"NOT NULL";
end
def Table.references(a1, a2)
"REFERENCES #{a1} #{a2}";
end
AffiliateTable = "AFF";
end

Most of the new keywords are just class level methods of Table. As Dave mentioned in the article the insides of a class can contain code that's executed as the class is evaluated. In Dave's example that's all there is. As the RegionTable class is being parsed the method Test.table is called. This method takes one explicit parameter but it also looks for and will execute a block that follows it. In our example the string "region" will be passed directly to the method while the following block of code will be passed as the block.

do
field autoinc, :reg_id, primary_key
field int, :reg_affiliate, references(AffiliateTable, :aff_id)
field varchar(100), :reg_name
end

Since a block might not have been passed, Ruby has a nice feature that allows a method to test whether one has and only call it if it was. In my example it's this little chunk of code.

if block_given?
yield
end

Within the block each of the 'field' lines is a separate method call to the Table.field method. The types autoinc, int and varchar are all just methods that return strings.


The only really weird bits here are the things :reg_id, :ref_affiliate , :add_id and :reg_name. These are basically string constants. In Ruby terms they are atomic strings. or Symbols. In terms of our example (at least as I've coded it) you could replace them with regular strings and it would work the same.


Like I said earlier I'm not a Ruby expert. I just wanted to understand the example Dave made a little better. If you made it this far I hope you found it informative too.


Tuesday, February 24, 2004

Lost in Translation

Not the movie. The tattoos.

Stroke It

The folks on TSS had a piece on Strokeit, a mouse gesture program for Windows. It can be configured for the window class that its operating in so you can define different stokes for different apps. I've only tried it in Mozilla for browsing but even for that one task it seems useful. Time will tell whether I apply it to other apps or not. Worth a look.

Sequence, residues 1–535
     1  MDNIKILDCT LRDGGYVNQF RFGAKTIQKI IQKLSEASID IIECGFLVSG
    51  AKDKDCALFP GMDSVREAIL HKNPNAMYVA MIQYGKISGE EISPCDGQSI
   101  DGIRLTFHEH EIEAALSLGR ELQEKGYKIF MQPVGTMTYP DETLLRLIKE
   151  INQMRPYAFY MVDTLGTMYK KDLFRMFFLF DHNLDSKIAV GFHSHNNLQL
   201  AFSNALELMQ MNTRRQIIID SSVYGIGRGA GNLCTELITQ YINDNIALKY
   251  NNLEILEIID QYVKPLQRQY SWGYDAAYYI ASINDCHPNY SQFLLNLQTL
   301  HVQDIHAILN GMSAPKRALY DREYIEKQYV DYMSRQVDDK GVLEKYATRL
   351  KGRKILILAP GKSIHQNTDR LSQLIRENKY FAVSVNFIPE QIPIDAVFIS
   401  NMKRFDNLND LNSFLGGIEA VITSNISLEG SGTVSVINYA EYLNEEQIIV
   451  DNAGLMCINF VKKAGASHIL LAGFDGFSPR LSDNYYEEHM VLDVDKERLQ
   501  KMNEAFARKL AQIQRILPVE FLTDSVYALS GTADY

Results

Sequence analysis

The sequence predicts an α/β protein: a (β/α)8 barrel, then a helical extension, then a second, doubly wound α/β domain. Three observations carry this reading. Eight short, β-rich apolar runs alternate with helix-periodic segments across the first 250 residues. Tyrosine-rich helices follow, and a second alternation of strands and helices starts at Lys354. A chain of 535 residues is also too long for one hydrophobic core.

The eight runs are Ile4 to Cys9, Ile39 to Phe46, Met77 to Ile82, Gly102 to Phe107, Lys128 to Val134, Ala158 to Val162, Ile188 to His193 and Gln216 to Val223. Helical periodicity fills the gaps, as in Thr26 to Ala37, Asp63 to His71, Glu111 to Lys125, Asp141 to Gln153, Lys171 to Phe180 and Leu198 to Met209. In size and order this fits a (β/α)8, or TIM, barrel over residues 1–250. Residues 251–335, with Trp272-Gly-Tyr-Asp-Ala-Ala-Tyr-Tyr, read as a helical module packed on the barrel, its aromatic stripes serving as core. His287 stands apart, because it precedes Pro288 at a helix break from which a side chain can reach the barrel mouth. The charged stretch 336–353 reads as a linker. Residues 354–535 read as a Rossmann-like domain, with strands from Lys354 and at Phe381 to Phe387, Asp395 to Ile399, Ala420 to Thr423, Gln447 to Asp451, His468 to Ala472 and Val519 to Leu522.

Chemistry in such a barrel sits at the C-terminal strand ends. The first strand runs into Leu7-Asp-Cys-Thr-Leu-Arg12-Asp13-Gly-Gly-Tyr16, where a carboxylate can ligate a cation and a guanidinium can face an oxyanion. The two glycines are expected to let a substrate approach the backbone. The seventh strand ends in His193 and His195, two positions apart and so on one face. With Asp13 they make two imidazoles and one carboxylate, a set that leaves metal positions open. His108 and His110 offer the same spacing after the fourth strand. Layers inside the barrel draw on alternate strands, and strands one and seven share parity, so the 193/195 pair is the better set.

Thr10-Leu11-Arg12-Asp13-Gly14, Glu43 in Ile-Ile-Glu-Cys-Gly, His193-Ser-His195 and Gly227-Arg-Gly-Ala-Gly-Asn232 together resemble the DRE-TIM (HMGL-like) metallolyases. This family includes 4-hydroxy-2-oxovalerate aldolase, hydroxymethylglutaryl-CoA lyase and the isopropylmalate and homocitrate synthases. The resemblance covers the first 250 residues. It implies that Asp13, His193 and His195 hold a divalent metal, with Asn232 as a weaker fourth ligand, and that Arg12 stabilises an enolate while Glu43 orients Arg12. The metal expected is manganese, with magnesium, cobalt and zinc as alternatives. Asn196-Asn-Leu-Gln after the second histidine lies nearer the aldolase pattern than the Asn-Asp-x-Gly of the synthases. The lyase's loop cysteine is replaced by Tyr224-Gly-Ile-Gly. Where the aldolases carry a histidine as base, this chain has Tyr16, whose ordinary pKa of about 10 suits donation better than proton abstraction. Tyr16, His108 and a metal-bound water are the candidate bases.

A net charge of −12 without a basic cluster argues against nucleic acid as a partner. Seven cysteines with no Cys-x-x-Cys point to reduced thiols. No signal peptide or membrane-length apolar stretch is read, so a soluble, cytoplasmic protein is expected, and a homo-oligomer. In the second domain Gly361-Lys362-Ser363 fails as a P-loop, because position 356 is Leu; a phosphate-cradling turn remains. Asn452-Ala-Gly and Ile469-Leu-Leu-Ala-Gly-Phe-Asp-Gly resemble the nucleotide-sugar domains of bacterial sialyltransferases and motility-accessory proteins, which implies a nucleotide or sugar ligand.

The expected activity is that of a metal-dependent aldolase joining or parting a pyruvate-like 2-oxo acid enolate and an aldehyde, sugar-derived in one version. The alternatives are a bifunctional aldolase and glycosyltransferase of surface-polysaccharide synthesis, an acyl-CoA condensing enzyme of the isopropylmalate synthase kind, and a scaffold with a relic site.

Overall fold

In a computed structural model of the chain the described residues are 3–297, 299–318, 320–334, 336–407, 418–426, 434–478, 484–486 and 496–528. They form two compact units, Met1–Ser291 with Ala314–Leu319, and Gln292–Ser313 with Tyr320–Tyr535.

Think you've got it bad?

Take 30 seconds (that's about all I could stand) and read some of the comments on fthisjob.com . I guarantee you will feel better about yours.

English idioms

Wayne Magnuson English Idioms Sayings and Slang
is a list of English idioms. The lists is funny to peruse if only for the fact that it jogs your memory about all the weird things people say. While I don't use all the idioms listed I actually have heard most of them.

Monday, February 23, 2004

O'Reilly Animals

While researching my last post I came across the full list of O'Reilly animal covers. The Tarsier actually appears on four, although I only knew it from Learning VI.

Tarsiers

My favorite O'Reilly animal cover has always been the Tarsier. Besides being a cool little animal I thought the colophon description was hilarious. Most attempts to connect the animal to the topic are hit or miss but this one is great.
Tarsiers are active only at night, hiding during the day in tangles of vines or in the tops of tall trees. They subsist mainly on insects, and, though very curious animals, tend to be loners.